Nonetheless, the book leaves me a bit uneasy.
It’s not the misogyny, exactly, especially since I’m not sure the book deserves all the vitriol sent its way on that basis. Certainly, Dahl begins the book by telling us that all witches are women, and all witches are evil. He softens this slightly by adding that “Most women are lovely,” and that ghouls are always men, but then counters the softening by noting that witches are more terrifying than ghouls. He later states that only boys keep pet mice, and girls never do, a statement not borne out by my personal experience, but in some fairness this is not the statement of the narrator but rather that of the Grand High Witch, who may not exactly be an expert on the types of pets loved by small children.
More problematic are the more subtle statements later in the book. The witches, as the grandmother carefully explains, are almost impossible to distinguish from ordinary women, meaning that—as the narrator warns child readers—pretty much any woman could be a witch. That’s a problem, not helped when we later discover that all of the witches of England are well to do, professional women with successful careers who engage in charity work. The Grand High Witch is even well known as a “kindly and very wealthy baroness who gave large sums of money to charity.” (Ok, baroness isn’t a profession exactly, but the other witches work in professional positions, and even the Grand High Witch worked to gain her large amounts of money.)
The implication, of course, is that even the most kindly, generous women may be hiding their secret evil selves behind masks; that even the most kindly, charitable woman may be plotting to destroy or transform children. And the off-handed observation that many of these hidden witches are professional, wealthy women does not help. Oh, sure, the Grand High Witch is presented as an aristocrat who probably inherited at least some of her money, so not exactly the most sympathetic creature, but she’s also presented as someone who works very hard at organizing witches and conventions and developing potions and making magical money—much of which, to repeat, the text tells us she gives away. We aren’t told as much about the other women, but if the Grand High Witch can be trusted (and perhaps she can not) they all have successful careers and businesses.
Countering this, of course, is the grandmother, as well as a kindly neighbor who makes a brief appearance in the story and then disappears. An elderly woman as the hero of a children’s story, and especially a children’s story featuring a boy, is great. But the positive joy she and her grandson take in the thought of destroying the witches is a bit stomach churning, even if the process is going to involve a lot of international travel and adventures. Not to mention that I question their assumption that cats will be very willing to help out. Oh, yes, many cats enjoy catching and playing with mice, but many cats also enjoy taking long naps and sitting on computer keyboards. You get what I’m saying.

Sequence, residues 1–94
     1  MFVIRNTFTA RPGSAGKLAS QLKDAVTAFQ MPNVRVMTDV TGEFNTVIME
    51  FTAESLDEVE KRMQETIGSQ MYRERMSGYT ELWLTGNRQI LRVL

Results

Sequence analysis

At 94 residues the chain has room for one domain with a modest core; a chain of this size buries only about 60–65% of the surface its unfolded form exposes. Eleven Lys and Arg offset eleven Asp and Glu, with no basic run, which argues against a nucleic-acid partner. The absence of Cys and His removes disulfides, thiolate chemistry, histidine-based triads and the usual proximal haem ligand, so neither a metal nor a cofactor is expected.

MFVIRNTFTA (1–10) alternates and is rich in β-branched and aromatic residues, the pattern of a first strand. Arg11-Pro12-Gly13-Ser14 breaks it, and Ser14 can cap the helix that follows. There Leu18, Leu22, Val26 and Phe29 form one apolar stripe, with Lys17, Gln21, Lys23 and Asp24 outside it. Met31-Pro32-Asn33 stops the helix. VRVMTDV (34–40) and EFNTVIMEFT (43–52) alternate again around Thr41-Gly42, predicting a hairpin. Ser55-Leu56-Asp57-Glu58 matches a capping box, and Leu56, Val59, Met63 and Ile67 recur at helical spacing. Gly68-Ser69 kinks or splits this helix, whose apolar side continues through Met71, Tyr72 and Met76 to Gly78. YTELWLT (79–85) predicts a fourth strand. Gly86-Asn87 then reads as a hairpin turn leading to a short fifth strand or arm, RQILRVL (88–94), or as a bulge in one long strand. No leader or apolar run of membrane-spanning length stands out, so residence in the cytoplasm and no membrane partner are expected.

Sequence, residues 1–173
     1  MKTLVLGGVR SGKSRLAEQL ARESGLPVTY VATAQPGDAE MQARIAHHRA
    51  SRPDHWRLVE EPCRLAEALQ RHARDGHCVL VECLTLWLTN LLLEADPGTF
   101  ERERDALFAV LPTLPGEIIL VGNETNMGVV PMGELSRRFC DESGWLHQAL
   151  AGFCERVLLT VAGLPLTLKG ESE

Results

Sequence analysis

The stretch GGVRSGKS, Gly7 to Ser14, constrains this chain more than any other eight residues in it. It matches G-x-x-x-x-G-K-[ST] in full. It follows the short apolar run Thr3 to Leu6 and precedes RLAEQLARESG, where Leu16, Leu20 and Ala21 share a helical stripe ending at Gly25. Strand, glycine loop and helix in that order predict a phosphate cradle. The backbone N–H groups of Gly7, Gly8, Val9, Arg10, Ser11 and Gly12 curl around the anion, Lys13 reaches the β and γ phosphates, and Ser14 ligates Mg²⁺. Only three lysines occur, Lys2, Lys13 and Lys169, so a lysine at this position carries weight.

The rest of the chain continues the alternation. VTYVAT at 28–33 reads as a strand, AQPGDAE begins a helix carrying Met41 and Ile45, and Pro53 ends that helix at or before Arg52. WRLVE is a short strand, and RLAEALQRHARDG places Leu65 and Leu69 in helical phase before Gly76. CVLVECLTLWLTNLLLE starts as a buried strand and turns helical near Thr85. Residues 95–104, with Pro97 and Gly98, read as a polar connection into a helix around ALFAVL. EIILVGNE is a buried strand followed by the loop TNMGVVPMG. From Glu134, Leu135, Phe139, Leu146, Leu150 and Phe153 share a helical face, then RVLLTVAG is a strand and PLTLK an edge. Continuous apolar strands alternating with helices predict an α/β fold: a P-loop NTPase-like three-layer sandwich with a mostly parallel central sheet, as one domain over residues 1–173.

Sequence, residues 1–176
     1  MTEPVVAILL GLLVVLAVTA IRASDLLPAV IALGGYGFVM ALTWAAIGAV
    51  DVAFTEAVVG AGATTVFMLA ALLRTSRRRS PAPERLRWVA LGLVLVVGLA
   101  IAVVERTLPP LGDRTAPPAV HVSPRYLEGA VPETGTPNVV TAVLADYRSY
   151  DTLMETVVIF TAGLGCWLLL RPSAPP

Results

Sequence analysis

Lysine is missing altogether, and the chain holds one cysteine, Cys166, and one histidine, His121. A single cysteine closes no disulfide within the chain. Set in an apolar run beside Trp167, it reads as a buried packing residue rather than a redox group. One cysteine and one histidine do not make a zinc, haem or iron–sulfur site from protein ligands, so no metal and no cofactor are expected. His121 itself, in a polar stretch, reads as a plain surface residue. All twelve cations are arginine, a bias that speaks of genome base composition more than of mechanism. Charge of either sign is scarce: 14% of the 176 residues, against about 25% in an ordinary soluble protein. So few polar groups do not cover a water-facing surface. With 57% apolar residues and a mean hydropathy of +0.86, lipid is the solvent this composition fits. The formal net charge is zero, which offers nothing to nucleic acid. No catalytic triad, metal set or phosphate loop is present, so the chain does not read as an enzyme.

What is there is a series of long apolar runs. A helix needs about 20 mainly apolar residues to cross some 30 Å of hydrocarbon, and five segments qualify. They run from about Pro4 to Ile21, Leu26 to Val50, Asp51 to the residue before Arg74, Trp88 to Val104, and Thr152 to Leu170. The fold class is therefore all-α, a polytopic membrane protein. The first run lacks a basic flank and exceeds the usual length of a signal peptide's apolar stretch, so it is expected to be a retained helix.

Which leads me to my other problem with the novel: the end.
In the last chapters, the grandmother explains that since mice have short lives, the mouse grandson will not live very long—a bit longer than most mice, but not that much longer. Perhaps eight or nine years at most. The mouse grandson tells her, and the readers, that this is fine. Not because he’s pleased to have sacrificed himself to save the children of England—in fact, he complains that they have not done enough to stop the witches. But because he doesn’t want to face the thought of living without his grandmother, who probably has about the same amount of time to live.
It’s all very touching, and an understandable position for a child to take, particularly a child who has already lost both parents, doesn’t seem to have any friends, and is, well, a mouse. (The witches never created an anti-mouse transformation spell, and it doesn’t seem to occur to either grandmother or grandson to try to create one. Maybe only witches can.) For that matter, the “I don’t want to live without you” is a position often taken by adults.
But the narrator is a nine year old kid, who hardly knows what he’s missing.
Am I wrong to read too much into this? Possibly. Kids and young adults die every day, often bravely accepting their fate. But it seems odd for the narrator not to express any anger about this whatsoever—even towards the witches—and instead be grateful for his upcoming death for this particular reason. Of course, he is going to get a lot of adventures along the way first. And this is, at it’s heart, a novel about accepting change.
The Witches is arguably the Roald Dahl book most frequently banned in American libraries. I’m against banning books in principle, and I wouldn’t hesitate to give this book to a child—but I would certainly want to discuss its implications with the kid afterwards.
This article was originally posted on February 14, 2013
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Mari Ness assures you that she is not a witch, despite the presence of two suspiciously witchlike cats. She lives in central Florida.